Do you recognize the following? A quality issue arises and the standard response is to increase the inspection. But how effective is 100% inspection. Often these inspections are done by the quality control departments through trained quality inspectors. What can go wrong, right? Well let’s do a test.
Write down of project the following sentence:
THE NECESSITY OF TRAINING FARM HANDS FOR FIRST-CLASS FARMS IN THE FATHERLY HANDLING OF FARM LIVESTOCK IS FOREMOST IN THE MINDS OF FARM OWNERS.
SINCE THE FOREFATHERS OF THE FARM OWNERS TRAINED THE FARM HANDS FOR FIRST-CLASS FARMS IN THE FATHERLY HANDLING OF FARM LIVESTOCK THE FARM OWNERS FEEL THEY SHOULD CARRY ON WITH THE FAMILY TRADITION OF TRAINING FARM HANDS…
Rules and game play
Let the participants read the sentence and let them count the number of ‘F’s in the following sentence. The participants should only read the sentence once! Give them about 45 seconds.
Collect the answers.
Did somebody count 27 F’s. Then that person is right! Try is yourself! But trust me if I say that many people will have it wrong.
100% inspection does not mean that 100% of the bad parts are removed. All the participants know English and can therefore be categorized as qualified inspector and yet they have made mistakes!
It is easy for our brains to get conditioned to overlook the small things when we are performing routine work .
In this specific case we have three factors that influence our answer.
The first factor is that the letter “f” can both have a hard and a soft sound. In “farm” we have a hard f but is of we have a soft f. the soft f is pronounced more like a v. The hard f sound is made by touching the upper teeth to the lower lip and then breathing out. The soft f sound is made in a similar way but exactly the same way except rather than breathing out you activate your voice.
When we ask the question count the number of ‘f’s. We hear the hard f sound. Therefore we could overlook the F’s which have a soft f sound.
The second factor is that when we read we do not focus on each word equally. Our brain jumps over simple words such as “of”, “in”, “on”, “at” and so on. The brain gives more importance to the verbs and nouns and connects the words routinely together to create sentences that makes sense. This routine makes that we overlook certain words.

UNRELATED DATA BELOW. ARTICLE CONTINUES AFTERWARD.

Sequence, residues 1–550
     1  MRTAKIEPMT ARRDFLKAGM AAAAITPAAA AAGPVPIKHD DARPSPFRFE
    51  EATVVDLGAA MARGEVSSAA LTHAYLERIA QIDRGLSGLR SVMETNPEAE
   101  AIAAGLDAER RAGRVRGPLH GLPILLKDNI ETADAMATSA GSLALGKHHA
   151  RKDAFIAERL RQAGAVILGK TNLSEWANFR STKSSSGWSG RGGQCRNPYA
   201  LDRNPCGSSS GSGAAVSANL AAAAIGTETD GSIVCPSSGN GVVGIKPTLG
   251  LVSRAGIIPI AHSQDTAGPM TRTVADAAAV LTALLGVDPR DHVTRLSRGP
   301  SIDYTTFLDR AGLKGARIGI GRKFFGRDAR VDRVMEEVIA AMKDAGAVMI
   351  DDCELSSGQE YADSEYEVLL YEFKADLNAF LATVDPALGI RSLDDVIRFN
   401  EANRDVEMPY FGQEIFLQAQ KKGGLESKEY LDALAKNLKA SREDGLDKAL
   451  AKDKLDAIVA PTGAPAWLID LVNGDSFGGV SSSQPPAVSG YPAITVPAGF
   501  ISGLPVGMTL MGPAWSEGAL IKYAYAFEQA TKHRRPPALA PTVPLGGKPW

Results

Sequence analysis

The third factor is that for our brain it doesn't matter in what order the letters in a word are, the only important thing is that the first and last letter are at the right place. The rest can be in any order and we can still read it without problem.
OUR BARIN DEOS NOT RAED EERVY LTTEER BY ISTLEF BUT THE WROD AS A WHOLE
An “F” which is in the middle of a word will get less focus then a F which is at the beginning or end of a word.
This explains also why non-native speakers (for which English is not a routine) are often better in this exercise. They have to focus on all the words and letters within that word. And they are not mislead by hard and soft f sounds. They really look at the pattern of letters.
The main message is: Even a trained operator will overlook defects when looking routinely to parts.
100% visual inspection does not exist
In general, they say that 100% visual inspection results in only 80% reliability. Meaning that from 100 defects we will only detect 80%. This number is of course a genal number and depends on many factors. But it will never be 100%.
There are many factors that influence the reliability of visual inspection. These factors fall into 5 different category according to the report from Judi E See: “Visual Inspection: A review of the literature”. The table below is taken from the report:
Time in Job
Time of Day
This is true for visual inspection. The Federal Aviation Administration (FAA) defines visual inspection as following:
“The process of using the unaided eye, alone or in conjunction with various aids, as the sensing mechanism from which judgments may be made about the condition of a unit to be inspected.”
Note that if you have only an efficiency of 80% even The 4-eye principle where 2 people do the same inspection will only have an efficiency of 96%. The first inspector will detect 80% of the defects and let 20% pass. The second inspector will detect 80% of the 20% that passed, thus 16% extra.
So should we abandon visual inspection?
Of course not. Visual inspection can give you a lot of information. But you should not implement visual inspection because it is the easiest solution.
First of all you should try to design products which have a high level of quality. You can use Design for six sigma (DFSS) for this.
Quality issues during the production should be tackled with structural problem solving methods such as A3, 8D, PDCA, …
Try to limit quality controls where the judgement of an inspector is needed to a minimum. Use Poka Yoke solutions and (automated) inspection equipment were possible.
If you have done all of the above you can implement a visual inspection step.